Childish Gambino Is Trying To Be A Grown-Up Rapper, actor, writer and comedian Donald Glover tackles unorthodox subjects on his new album.
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Childish Gambino Is Trying To Be A Grown-Up

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Childish Gambino Is Trying To Be A Grown-Up

Childish Gambino Is Trying To Be A Grown-Up

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There's something different about the music of Donald Glover. He's a comedian, a TV writer and an actor in NBC's "Community." He plays a community college student, a former athlete who discovers his inner nerd.


DONALD GLOVER: (as Troy Barnes) (Rapping) Kingdom Anamalia, phylum Chordata...

INSKEEP: And at one point ends up rapping with a friend about the human species.


GLOVER: (as Troy Barnes) (Rapping) ...primate, family, Hominity, the genus is full. But you know you're into me, 'cause I am in the species known a sapien. Dogs used to hate me, but now they bring the paper in.

DANNY PUDI: (as Abed Nadir) It's going to take a lot to get me away from you...

INSKEEP: Now, Donald Glover has put out an album with lyrics from the perspective of a kid who is dismissed as a nerd.


GLOVER: (Rapping) All right, it's childish, baby, Mr. Talk-About-His-(bleep) again nerdy black kid. Whatever, man. I'm sick of him. That well-spoken token who ain't been heard, the only white rapper who's allowed to say the N-word. I buy a bunch...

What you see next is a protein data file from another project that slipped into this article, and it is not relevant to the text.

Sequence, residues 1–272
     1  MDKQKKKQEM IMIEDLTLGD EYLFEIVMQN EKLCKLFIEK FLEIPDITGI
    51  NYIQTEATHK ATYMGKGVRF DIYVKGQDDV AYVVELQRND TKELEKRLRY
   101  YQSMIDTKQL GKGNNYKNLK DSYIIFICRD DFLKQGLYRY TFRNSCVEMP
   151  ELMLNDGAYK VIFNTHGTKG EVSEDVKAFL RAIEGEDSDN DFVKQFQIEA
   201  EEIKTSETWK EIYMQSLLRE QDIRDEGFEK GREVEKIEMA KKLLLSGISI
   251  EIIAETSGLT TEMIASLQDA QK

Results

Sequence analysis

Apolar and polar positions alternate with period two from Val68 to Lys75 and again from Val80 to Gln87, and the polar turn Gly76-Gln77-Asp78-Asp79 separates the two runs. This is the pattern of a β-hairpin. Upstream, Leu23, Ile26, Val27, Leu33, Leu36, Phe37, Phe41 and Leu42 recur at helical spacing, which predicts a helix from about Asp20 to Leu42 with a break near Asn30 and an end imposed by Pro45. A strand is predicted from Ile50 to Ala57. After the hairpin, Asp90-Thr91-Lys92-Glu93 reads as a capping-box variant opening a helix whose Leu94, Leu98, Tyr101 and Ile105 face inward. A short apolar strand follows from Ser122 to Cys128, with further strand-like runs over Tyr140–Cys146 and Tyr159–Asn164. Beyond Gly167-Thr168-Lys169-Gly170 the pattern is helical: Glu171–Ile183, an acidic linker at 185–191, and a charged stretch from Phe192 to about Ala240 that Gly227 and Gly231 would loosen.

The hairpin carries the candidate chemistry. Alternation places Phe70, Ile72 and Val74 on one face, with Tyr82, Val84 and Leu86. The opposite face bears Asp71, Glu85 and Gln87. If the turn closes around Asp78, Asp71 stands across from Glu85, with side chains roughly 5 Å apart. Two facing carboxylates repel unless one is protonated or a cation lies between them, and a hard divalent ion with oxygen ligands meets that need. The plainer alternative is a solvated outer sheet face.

INSKEEP: The album is called "Camp." He put it out under the name Childish Gambino. And amid the jokes, Donald Glover is seriously thinking of awkward kid he used to be.

GLOVER: I made this album for me when I was 13. Like, the name of it, I said in the album I wish I had known when I was younger.


GLOVER: (Rapping) Am I serious? I don't even know. Are you hearing this? It's laughable. I ain't trying, I'm doing. These other rappers are foolish. I got fame, my A&R is a computer. Is there room in the game for a lame who rhymes? Who wears short-shorts and makes jokes sometimes?

INSKEEP: If I think about other rap lyrics that I've heard, I mean there are few kinds of standard characters who appear with standard messages. Which might be, for example: I'm really great, I'm really tough, I'm a great rapper; or life is very hard, life on the streets is very tough and I'm as tough as I need to be to deal with it.

You, however, take the approach of a young man who is just constantly vulnerable. He's a loser.

GLOVER: Yeah, I mean...


GLOVER: ...totally. I mean like - first of all, thank you.


GLOVER: Second of all, like yeah. Totally, you know, I never, I never really felt like I was like cool or anything like that. And I - also on the album I say all those things that like, you know, quote-unquote, "like regular rappers do." Like, you know, I'm great, I'm awesome, I have sex all the time. I do - you know, like that's there too. But it's all part of the id of just like, you know, everybody feels like they should have the best.

But everybody also constantly feels like, ugh, I'm the worst. Why am I doing this?


GLOVER: I don't like myself. Like - and if they don't, then like, you know, that's me.


GLOVER: (Rapping) This rap stuff is magic. I used to get called Oreo. I used to get more laughs when I got laughed at. Oh, you got a mixed tape? That's fantastic. But everybody thought it was jokes though, they half right, the joke is I got flow so don't act like...

Childish Gambino, I guess would be me, like my failures and my triumphs, ten-fold, you know.

INSKEEP: This is a theme you pursue in both your music and your comedy.

GLOVER: Yeah. Yeah. I feel like that's the only reason I'm allowed to do rap and comedy, is that they're kind of the same person. I've said this before - if I came out with like a rap thing and then it was like, yeah, man - I'm going to shoot a baby. Like it's like people would be like that's not you at all. You know? And it may be right.